3. Scarabin PY, Alhenc-Gelas M, Plu-Bureau G, Taisne P, Agher R, Aiach M. Effects of oral and transdermal estrogen/progesterone regimens on blood coagulation and fibrinolysis in postmenopausal women. A randomized controlled trial. Arterioscler Thromb Vasc Biol 1997;17:3071–8.
4. Oger E, Alhenc-Gelas M, Lacut K, et al. Differential effects of oral and transdermal estrogen/progesterone regimens on sensitivity to activated protein C among postmenopausal women: a randomized trial. Arterioscler Thromb Vasc Biol 2003;23:1671–6
5. Scarabin PY. Progestogens and venous thromboembolism in menopausal women: an updated oral versus transdermal estrogen meta-analysis. Climacteric 2018;21:341-345.
6. Stuenkel CA, Davis SR, Gompel A, et al. Treatment of symptoms of the menopause: an endocrine society clinical practice guideline. J Clin Endocrinol Metab 2015;100:3975–4011
7. Baber RJ, Panay N, Fenton A. the IMS Writing Group. 2016 IMS Recommendations on women’s midlife health and menopause hormone therapy. Climacteric 2016;19:109–50.
Competing interests: No competing interests
Our compliments to the authors for bringing up such an important issue about hormone replacement therapy (HRT). In the last two decades, HRT has seen many ups and downs in its use. HRT came as a very effective therapy for treating vasomotor symptoms like hot flushes, night sweats and other symptoms experienced by peri & postmenopausal women due to oestrogen deficiency and was found to improve the quality of life of such women. Then a period came when prescribers stopped prescribing these after the results of Women’s Health Initiative Study started coming. Again, in the last decade, some observational studies demonstrated the benefits of HRT in reducing the risk of coronary heart disease, osteoporotic fractures and Alzheimer’s disease and they are being re-prescribed.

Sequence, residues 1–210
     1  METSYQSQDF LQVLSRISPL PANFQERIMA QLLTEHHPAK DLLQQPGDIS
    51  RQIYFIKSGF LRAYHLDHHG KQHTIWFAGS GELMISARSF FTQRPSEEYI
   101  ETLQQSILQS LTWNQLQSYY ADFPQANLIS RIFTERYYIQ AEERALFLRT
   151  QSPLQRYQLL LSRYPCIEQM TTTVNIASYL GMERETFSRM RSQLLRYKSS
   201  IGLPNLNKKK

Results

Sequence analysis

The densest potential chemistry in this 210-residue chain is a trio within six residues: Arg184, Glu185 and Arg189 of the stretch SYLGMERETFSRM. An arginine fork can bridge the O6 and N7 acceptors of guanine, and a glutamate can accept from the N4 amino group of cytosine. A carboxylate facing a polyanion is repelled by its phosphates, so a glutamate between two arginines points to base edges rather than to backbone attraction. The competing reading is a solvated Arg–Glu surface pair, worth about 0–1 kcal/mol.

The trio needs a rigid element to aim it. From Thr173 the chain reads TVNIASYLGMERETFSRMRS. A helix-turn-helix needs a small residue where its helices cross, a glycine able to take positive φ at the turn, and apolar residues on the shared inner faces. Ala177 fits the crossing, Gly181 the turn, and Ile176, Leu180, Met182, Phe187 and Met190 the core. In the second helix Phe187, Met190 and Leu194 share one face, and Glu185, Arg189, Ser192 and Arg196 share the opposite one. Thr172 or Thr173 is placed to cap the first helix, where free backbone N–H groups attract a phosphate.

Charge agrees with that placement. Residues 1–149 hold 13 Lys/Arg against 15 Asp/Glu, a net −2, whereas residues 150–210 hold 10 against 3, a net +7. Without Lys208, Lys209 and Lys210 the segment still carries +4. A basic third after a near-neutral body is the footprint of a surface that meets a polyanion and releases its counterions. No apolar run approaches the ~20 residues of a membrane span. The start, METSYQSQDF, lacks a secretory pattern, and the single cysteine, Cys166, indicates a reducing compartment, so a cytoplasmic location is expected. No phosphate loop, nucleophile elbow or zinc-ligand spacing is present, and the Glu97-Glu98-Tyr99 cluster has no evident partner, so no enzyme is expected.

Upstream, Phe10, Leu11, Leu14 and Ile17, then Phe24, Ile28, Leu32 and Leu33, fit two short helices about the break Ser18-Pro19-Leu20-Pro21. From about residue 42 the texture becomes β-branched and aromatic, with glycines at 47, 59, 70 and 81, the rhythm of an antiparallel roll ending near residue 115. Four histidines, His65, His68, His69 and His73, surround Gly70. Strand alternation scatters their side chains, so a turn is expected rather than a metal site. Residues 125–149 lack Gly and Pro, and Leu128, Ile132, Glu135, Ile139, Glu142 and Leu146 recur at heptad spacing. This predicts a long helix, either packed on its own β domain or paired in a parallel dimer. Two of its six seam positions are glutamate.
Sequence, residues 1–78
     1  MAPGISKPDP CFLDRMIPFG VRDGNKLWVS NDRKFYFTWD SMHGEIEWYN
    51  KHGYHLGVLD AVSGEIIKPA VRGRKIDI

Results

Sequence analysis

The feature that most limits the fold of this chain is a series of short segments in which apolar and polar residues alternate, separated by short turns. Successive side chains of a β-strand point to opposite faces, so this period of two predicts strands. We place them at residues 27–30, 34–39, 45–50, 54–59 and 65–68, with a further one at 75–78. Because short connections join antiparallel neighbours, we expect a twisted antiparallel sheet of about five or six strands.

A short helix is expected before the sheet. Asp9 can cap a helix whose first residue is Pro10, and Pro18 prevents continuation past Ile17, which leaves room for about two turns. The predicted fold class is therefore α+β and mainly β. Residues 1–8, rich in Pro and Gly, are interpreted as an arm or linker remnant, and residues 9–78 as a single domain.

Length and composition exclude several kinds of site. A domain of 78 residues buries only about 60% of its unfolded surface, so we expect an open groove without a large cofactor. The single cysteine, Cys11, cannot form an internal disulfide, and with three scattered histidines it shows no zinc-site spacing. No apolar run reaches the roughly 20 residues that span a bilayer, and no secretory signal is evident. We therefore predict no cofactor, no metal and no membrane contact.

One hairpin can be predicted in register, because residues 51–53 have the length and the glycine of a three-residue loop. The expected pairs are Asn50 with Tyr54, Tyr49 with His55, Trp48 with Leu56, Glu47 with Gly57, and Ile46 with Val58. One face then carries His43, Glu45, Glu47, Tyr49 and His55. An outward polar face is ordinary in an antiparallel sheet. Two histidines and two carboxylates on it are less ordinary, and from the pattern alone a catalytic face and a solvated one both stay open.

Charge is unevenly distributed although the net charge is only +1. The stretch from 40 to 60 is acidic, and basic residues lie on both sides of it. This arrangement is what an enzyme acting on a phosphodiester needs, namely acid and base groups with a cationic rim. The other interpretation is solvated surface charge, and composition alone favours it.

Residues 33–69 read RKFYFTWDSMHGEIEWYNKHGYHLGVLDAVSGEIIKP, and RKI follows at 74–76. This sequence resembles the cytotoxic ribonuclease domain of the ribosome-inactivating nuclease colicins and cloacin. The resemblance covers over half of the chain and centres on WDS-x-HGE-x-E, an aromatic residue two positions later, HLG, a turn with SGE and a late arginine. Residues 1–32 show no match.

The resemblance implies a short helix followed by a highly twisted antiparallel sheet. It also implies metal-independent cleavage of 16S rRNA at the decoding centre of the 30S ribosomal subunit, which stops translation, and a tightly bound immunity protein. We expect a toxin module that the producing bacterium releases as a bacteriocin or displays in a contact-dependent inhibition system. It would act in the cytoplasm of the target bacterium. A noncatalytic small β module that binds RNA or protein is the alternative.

However, the association of risk of venous thromboembolism with the oral hormone replacement therapy is well known. It leads to a hypercoagulable state with increase in the concentration of prothrombin fragments along with a decrease in antithrombin concentration and an increase in acquired resistance to activated protein C.1
Reanalysis of data has shown that benefits and risks need to be weighed considering the factors like age, body weight and smoking, etc., which could be some of the confounding risk factors for VTE. Another important factor that needs attention is the dose and route of administration of HRT, which the authors have described in a very lucid manner. A previous French study ESTHER (Estrogen and THromboEmbolism Risk) conducted in 2003 had also concluded in its results about the safety of transdermal route of estradiol administration over oral route in relation to VTE.2
In the present study also, the authors have compared oral and transdermal HRT and concluded that oral HRT was associated with a 70% increased risk of VTE while the transdermal route was safe. The transdermal preparation of estrogen along with oral progesterone could be a right approach in decreasing problems like VTE. Another study suggests that the transdermal preparations are preferred for women who are obese or carry an increased risk of VTE.3 Other preparations with oestrogen or progestogen that are used as topical (cream) or vaginal (pessaries) treatments have also been analysed by the authors and found safe. Considering the type of oestrogen is also important, as oestrogen only preparations using conjugated equine oestrogen have been found to have a higher risk of VTE by the authors.